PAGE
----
May 29: The Triumph of Hellenism

Hellenism Greece territorial expansion

May 29 marks the Fall of Constantinople and subsequent Byzantine Empire (known as the Empire of the Greeks in the West) to the Turks in 1453.

For many Greeks, it is considered one of the darkest days in their history and a loss for Hellenism.

Yet, I for one believe this particular date should be used to celebrate not a single moment in history nor a particular battle but rather, as a day to celebrate the triumph of Hellenism over Turkism in the last 200 years.

If we look at the historical record, the Greeks have expanded their sovereign borders six times at the expense of the Turks.

In 1832 the Greeks finally triumphed over the Turks in the Greek War of Independence and liberated the Peloponnese, Central Greece and Aegean Islands (Cyclades and Saronic).

In 1864, the Greeks annexed the Ionian Islands as a means of counterbalancing the Turks (and the Italians).

In 1881 the Greeks annexed Thessaly as a result of their diplomatic skill and at the great displeasure of the Turks.

In 1913, the Greeks again defeated the Turks in the Balkan Wars and liberated Epirus, Macedonia, Crete and additional Aegean Islands (Samothrace, Lemnos, Lesbos, Chios, Samos, Ikaria, et al).

In 1920, the Greeks were awarded Eastern Thrace, Ionia in Asia Minor and Imbros and Tenedos islands with the signing of
the Treaty of Sevres.

However, as a result of the Asia Minor Catastrophe, the Greeks lost these lands but were nonetheless successful at annexing Western
Thrace.

Finally, in 1947, the Greeks annexed further Aegean Islands (Dodecanese) for their involvement in WWII which the Turks had in their sights.

The simple fact remains, the Greeks have increased their sovereignty while the Turks have lost theirs.

In the present day, the Greeks are champions in the game of geopolitics and their foreign policy is a further detriment to the Turks.

The Greeks have remained steadfast in the Aegean dispute and maintained the integrity of their sovereignty, territorial waters, national airspace, the continental shelf, Exclusive Economic Zone, and the Athens Flight Information Region.

An important note to make here is the Greek extension of territorial waters in the Ionian Sea to 12 nautical miles, which will soon be extended to Crete and the Aegean in due course.

Despite Turkish aggression, the Greeks will never allow changes in the status quo nor resolutions in the Greek-dominated Aegean Sea that contradict international law, which is clearly in accordance with the Greek side.

With regard to the Cyprus dispute, the Greeks have in all but name reached enosis or union with the island vis-à-vis their dual membership in the European Union, and all the benefits this brings.

Under these circumstances, here again there is simply no rush by the Greeks to reach any resolutions with the Turks that justifies the
invasion and occupation of one third of the island which to this day is unrecognised by the international community.

The Greeks have also remained defiant in preserving their thousands year old Greek minority status in Turkey through various political, economic and social assistances.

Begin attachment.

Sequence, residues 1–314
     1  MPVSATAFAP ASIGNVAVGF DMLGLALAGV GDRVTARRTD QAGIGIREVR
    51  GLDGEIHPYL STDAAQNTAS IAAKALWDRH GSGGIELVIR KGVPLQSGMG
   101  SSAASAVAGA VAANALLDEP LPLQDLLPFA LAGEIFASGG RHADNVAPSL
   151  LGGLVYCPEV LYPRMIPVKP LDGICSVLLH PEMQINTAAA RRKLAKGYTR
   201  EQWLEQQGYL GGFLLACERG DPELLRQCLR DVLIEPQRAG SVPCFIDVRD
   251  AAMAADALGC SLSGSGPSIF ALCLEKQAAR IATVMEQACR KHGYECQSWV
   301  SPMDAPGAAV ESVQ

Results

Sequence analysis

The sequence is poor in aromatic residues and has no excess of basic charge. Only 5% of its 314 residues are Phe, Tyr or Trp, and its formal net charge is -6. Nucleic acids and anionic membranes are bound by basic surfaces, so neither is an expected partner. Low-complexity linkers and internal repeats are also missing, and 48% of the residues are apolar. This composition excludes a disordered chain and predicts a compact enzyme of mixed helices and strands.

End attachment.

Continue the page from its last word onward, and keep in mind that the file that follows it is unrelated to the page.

Despite Turkey’s policy to “leave no Greek in Constantinople” or in Turkey at all for that matter, let me state clearly that the Greeks will always remain in Constantinople regardless if that number is 5000, 3000, or just the Patriarch himself, and regardless if churches such as the Hagia Sofia are converted into mosques or schools such as the Halki Seminary are closed.

The Greeks are fully aware that new and bigger churches can always be rebuilt, and new schools can always be reopened, but not even the pseudo-Sultan Erdogan would dare deny the existence of the Patriarchate, the Second Rome, home of 300 million strong Orthodox Christians.

Looking toward the future, the Greeks should not hesitate to adopt a set of red line self-defence policies that would no doubt cause havoc for the Turks if they attacked, as was the case in Cyprus 1974.

If attacked by the Turks in the Aegean Islands, the Greek counterattack should take place on Imbros and Tenedos islands for strategic purposes to blockade the Dardanelles.

If attacked in Greek Thrace, the counterattack should take place in Eastern Thrace where as much territory is gained as possible, namely within firing distance from Constantinople.

If attacked in Cyprus, the counter-attack should take place to rid the island of the Turkish occupation Army and
protect the Greek community at all costs.

If attacked by the Turks from Albania, i.e. from the Pasha Liman Base, the Greek counterattack should take place in Northern Epirus to protect the Greeks also living there.

A second counterattack should also take place on Sason island for additional strategic
purposes in the Ionian Sea and Adriatic Sea.

It is important to remember that a prolonged battle or war between the two sides will not endure, so any attempts deep into Asia Minor are not feasible.

Nevertheless, it is imperative that any Greek counter-attack is swift and with precision.

In the interest of self-defence, the Greek gains could be significant.

It is therefore most evident that the despite setbacks such as the Asia Minor Catastrophe or significant losses such as the Greek Genocide, the Greeks are clearly determined and patient, but to what end?

Perhaps it is a certain Great Idea that eternally burns in the hearts and minds of all Greeks?

Only time will tell, but nevertheless, it is for these reasons that May 29, in my book, is
a day of triumph for Hellenism.

The Anonymous Hellene

 

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